There could be a few cries of I Want My Mummy at The Bowes Museum
this summer, as visitors are taken on an exciting and absorbing trip through Ancient Egypt, in a super new exhibition aimed at families.
Amazing Egyptians, which opened at the Barnard Castle treasure house on Saturday 2 July, explores the customs and traditions surrounding life and death in the land of the Pharaohs, through the use of key objects showing the processes involved in preparing a body for the afterlife.
The exhibition, curated by Education Officer Amy Longstaff, has been set out so as to guide visitors on a journey as viewed through the eyes of an embalmer named Lukman, who tells about the Egyptians belief in more than one God, and the hoops they were convinced they must jump through in an effort to gain a first class ticket to immortality.
One of our aims was to show that even the greatest Pharaohs, who led one of the most advanced nations on earth during their dynastic reigns, believed that they had to appease the Gods to make a successful journey to the afterlife, she said.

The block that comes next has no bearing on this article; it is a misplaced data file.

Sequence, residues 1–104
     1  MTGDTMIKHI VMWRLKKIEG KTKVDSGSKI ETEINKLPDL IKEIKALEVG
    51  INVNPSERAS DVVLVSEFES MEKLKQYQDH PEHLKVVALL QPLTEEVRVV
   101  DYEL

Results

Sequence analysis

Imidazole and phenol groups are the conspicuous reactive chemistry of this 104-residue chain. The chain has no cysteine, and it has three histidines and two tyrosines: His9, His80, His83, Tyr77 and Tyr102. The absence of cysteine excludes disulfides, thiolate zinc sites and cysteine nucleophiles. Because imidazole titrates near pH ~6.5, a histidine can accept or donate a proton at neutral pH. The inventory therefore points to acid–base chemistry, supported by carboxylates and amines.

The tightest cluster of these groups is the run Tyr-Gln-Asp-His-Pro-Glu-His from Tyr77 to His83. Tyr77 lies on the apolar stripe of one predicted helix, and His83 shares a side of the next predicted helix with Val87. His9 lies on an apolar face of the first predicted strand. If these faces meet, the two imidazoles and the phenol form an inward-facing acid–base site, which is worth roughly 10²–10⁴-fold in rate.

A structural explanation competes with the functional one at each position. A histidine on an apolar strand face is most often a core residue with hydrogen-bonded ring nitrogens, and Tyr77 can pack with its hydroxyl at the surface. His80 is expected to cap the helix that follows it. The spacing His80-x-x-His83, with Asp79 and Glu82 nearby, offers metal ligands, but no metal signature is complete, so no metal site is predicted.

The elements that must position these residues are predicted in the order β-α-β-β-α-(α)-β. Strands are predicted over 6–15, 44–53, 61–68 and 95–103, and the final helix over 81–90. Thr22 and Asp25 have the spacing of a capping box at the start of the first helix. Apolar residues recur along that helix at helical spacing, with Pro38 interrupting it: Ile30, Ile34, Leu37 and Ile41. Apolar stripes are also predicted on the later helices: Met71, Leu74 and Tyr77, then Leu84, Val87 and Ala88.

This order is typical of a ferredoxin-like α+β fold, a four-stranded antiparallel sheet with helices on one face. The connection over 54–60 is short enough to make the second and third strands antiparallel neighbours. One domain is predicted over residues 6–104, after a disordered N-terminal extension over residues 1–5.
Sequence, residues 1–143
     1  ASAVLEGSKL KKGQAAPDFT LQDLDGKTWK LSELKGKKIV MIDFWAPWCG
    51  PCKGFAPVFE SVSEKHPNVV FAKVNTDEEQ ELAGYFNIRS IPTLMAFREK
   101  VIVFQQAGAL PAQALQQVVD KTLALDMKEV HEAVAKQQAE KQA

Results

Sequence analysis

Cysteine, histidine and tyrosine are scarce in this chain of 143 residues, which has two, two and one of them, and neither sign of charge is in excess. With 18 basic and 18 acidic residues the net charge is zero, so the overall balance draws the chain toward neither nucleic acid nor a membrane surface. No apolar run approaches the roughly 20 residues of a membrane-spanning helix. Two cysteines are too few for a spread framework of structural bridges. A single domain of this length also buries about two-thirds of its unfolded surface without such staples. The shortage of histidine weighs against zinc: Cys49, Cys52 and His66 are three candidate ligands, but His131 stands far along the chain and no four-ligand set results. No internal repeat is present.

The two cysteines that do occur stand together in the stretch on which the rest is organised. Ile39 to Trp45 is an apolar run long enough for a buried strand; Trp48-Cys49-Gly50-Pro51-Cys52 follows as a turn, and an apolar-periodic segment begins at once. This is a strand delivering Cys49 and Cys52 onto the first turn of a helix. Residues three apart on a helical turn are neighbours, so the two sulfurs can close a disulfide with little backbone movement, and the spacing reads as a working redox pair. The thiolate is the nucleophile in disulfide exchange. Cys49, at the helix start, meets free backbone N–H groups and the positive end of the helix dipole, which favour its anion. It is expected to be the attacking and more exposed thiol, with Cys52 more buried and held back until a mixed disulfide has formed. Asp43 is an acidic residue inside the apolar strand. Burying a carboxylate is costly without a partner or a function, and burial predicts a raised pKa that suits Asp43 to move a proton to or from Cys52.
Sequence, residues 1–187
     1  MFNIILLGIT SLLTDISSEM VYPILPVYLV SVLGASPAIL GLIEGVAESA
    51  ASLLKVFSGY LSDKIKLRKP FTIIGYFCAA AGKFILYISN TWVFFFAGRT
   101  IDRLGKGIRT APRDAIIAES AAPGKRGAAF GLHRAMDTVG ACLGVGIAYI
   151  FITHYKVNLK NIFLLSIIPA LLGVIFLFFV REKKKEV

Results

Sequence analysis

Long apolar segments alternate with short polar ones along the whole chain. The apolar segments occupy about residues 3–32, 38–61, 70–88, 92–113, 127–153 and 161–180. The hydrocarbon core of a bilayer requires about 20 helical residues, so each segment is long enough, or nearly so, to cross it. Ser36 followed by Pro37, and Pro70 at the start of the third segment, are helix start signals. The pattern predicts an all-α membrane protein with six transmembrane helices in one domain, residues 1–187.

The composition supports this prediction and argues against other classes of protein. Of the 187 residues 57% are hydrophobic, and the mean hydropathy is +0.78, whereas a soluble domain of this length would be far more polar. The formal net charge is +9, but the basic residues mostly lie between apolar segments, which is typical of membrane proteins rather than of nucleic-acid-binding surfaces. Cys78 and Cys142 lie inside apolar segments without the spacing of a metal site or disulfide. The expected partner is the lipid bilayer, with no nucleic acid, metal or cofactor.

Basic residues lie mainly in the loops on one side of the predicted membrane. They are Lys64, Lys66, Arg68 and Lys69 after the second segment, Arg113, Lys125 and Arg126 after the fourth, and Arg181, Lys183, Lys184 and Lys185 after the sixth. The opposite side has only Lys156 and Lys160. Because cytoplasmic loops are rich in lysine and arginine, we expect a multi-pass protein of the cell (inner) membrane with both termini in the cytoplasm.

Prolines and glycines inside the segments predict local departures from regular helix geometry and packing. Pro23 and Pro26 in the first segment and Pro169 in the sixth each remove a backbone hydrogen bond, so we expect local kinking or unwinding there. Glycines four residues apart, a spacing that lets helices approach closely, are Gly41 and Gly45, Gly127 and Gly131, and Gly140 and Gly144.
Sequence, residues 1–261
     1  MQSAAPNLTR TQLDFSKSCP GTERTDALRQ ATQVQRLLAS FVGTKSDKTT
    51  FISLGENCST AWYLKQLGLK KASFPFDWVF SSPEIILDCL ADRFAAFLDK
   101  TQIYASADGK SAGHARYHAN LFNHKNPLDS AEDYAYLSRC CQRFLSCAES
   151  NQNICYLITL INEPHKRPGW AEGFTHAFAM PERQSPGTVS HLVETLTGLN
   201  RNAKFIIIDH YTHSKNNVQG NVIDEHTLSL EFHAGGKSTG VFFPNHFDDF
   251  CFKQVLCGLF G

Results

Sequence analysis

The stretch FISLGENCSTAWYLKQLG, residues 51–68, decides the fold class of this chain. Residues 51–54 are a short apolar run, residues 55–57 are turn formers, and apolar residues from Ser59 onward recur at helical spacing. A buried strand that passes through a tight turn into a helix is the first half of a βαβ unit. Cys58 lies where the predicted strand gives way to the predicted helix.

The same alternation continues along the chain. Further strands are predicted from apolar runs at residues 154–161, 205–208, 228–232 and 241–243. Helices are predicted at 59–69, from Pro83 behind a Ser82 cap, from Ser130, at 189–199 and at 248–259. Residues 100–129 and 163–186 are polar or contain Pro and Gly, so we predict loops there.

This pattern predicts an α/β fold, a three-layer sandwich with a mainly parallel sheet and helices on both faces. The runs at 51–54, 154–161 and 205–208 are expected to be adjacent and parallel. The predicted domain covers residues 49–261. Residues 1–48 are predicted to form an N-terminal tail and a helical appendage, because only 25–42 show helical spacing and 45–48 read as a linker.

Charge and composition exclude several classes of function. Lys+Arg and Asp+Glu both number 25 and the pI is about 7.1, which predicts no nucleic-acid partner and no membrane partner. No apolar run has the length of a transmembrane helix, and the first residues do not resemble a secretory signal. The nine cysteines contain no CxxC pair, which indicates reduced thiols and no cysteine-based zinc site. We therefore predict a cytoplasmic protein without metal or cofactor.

Lukman reveals the sometimes gory stories surrounding the way Ancient Egyptians prepared human bodies and animals for mummification, and the grisly details behind the innocent looking canopic jars, used for containing organs removed before the process could begin. On display is the mummy of an embalmed infant, a cat, a fish and a crocodile, funerary amulets and jewellery, plus hieroglyphic plaques called stela.
Also on show are shabti figures, sections from the Ancient Egyptians Book of the Dead, papyri, and a boat to ferry the deceased on their celestial journey. Shabti were initially placed in the tomb to act as a substitute for the body, and inscribed with the name of the deceased, plus a spell to activate them, while the Book of the Dead featured extravagantly illuminated spells for the wealthy as well as lesser spells that the minions hoped would be enough to help them on their journey.